“We have a Hulk.” And a demigod. And a super solider. And a couple of master assassins. And, oh yeah, a genius, billionaire, playboy, philanthropist encased in a suit of armor. The Avengers assemble four years after Samuel L. Jackson’s Nick Fury snuck forth from Iron Man’s end credits to invite Tony (and Marvel zombies everywhere) into his super-secret boy band. What was once imagined as an impossible copyright wet dream finally manifested itself into an unstoppable blockbuster franchise.
The five films that preceded Joss Whedon had their ups and downs, but The Avengers retroactively increased their worth by relishing in its heroes’ unique personalities and putting their petty squabbles on equal footing with the inevitably pesky, world-ending beam of blue light firing upon New York City. Its burden would be that no follow-up film would ever live up to the initial glee of seeing your favorite heroes busting each other’s chops on one shared silver screen.
Has the shine worn off? In five/ten/twenty years will anyone look back fondly on Whedon’s superhero answer to Damn Yankees with anything more than a yawn? Maybe a few of you already dismiss The Avengers as just another head on the Disney hydra (pun intended). For comic book geeks of a certain age, who had to live and love their way through Howard The Duck and Dolph Lundgren as The Punisher, the miraculous collection of spandex stuffed into The Avengers will undoubtedly forever delight that inner child who never dreamed their beloved heroes would steal mainstream hearts. Yes, I am that geek of a certain age. We are the worst because we can’t shut up about this glorious pop culture shift.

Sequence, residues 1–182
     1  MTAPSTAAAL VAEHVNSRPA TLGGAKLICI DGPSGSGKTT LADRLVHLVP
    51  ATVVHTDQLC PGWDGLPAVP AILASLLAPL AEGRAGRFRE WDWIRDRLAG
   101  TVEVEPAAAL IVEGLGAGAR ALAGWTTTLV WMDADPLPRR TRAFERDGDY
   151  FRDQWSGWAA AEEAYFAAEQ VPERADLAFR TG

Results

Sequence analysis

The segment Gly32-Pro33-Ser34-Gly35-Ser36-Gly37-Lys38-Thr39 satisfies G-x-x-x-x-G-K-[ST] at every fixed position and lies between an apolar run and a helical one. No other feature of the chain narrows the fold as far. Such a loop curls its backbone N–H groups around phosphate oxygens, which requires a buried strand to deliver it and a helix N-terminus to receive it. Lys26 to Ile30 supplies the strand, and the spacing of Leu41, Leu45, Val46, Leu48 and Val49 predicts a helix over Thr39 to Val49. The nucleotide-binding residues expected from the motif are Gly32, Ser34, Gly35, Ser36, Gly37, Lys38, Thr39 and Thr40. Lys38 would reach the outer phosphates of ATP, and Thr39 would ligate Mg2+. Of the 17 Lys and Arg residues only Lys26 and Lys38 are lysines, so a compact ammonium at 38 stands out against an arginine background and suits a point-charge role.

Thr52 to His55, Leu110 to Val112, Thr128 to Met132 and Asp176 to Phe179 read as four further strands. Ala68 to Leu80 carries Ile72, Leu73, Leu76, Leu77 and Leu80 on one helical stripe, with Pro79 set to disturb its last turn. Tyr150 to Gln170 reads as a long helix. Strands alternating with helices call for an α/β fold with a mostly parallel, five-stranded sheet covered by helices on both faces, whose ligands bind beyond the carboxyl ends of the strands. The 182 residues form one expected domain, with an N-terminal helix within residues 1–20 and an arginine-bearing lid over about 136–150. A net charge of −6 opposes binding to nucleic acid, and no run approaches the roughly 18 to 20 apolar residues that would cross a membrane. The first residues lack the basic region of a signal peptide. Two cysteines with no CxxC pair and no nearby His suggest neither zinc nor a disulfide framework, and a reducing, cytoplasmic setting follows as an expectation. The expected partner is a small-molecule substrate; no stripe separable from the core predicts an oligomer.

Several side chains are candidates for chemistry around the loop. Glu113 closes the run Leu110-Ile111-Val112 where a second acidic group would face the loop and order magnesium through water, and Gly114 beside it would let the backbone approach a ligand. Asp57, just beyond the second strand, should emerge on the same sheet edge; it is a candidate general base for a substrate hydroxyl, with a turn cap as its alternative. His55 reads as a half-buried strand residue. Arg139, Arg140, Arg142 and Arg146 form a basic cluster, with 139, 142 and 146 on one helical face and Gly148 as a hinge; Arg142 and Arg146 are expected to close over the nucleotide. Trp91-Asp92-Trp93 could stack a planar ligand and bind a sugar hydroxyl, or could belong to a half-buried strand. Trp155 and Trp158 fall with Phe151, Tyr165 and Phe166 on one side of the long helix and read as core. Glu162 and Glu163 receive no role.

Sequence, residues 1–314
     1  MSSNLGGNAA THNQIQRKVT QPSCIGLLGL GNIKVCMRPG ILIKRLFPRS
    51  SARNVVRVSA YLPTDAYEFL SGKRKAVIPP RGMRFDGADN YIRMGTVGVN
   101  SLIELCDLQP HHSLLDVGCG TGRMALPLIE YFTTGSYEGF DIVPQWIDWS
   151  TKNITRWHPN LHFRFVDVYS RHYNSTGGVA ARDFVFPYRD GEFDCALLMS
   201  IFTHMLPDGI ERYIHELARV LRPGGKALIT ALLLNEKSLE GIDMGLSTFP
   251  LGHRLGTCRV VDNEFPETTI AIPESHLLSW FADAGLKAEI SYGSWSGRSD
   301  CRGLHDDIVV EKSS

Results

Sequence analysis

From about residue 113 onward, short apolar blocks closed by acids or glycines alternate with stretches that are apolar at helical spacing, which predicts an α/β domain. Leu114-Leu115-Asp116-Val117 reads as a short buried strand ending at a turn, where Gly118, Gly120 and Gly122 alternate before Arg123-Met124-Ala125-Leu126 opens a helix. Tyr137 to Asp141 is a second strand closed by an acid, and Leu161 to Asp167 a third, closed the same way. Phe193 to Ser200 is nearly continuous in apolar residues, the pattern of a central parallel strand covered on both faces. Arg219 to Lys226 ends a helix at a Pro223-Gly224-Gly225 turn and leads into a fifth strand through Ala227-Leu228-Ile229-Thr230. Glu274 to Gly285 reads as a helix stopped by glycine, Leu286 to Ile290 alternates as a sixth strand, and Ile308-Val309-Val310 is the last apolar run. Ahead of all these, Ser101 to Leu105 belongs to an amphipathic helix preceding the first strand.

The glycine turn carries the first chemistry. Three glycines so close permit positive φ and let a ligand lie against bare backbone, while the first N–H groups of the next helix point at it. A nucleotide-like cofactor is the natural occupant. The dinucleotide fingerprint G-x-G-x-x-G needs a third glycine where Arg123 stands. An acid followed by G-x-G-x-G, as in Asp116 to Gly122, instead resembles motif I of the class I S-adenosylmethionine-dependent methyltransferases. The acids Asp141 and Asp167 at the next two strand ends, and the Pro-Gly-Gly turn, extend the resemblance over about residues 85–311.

Since the month began, I’ve been ranting and raving daily about the Marvel Cinematic Universe. Am I exhausted yet? Are you? We still have another 16 films (make that 17, since Spider-Man: Far From Home is just around the corner) to slog through before Avengers: Endgame assaults the box office on April 25th. If you’ve been following along with me, and you’re still anticipating future entries on Guardians of the Galaxy and Doctor Strange, obviously, I’m preaching to the choir…or better yet, Stan Lee’s Merry Marvel Marching Society.
When it comes to the MCU, I don’t have a single cynical bone in my body. I love these characters. Seeing geeks of yesteryear, as well as the newly baptized, scream out at Iron Man and Thor’s Shakespeare in the Park rumble is a validation of a youth well spent. Attending Thursday night screenings packed with Ant-Man and The Wasp cosplay is the emotional equivalent of a great big societal hug. That feeling may have started with 2008’s Iron Man, but it absolutely solidified with The Avengers.